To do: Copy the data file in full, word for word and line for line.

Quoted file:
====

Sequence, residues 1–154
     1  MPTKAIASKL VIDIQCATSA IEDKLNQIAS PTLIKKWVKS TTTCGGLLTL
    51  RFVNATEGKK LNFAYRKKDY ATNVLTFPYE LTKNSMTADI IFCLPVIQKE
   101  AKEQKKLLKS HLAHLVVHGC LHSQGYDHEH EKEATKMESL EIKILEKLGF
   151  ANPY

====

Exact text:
Sequence, residues 1–154
     1  MPTKAIASKL VIDIQCATSA IEDKLNQIAS PTLIKKWVKS TTTCGGLLTL
    51  RFVNATEGKK LNFAYRKKDY ATNVLTFPYE LTKNSMTADI IFCLPVIQKE
   101  AKEQKKLLKS HLAHLVVHGC LHSQGYDHEH EKEATKMESL EIKILEKLGF
   151  ANPY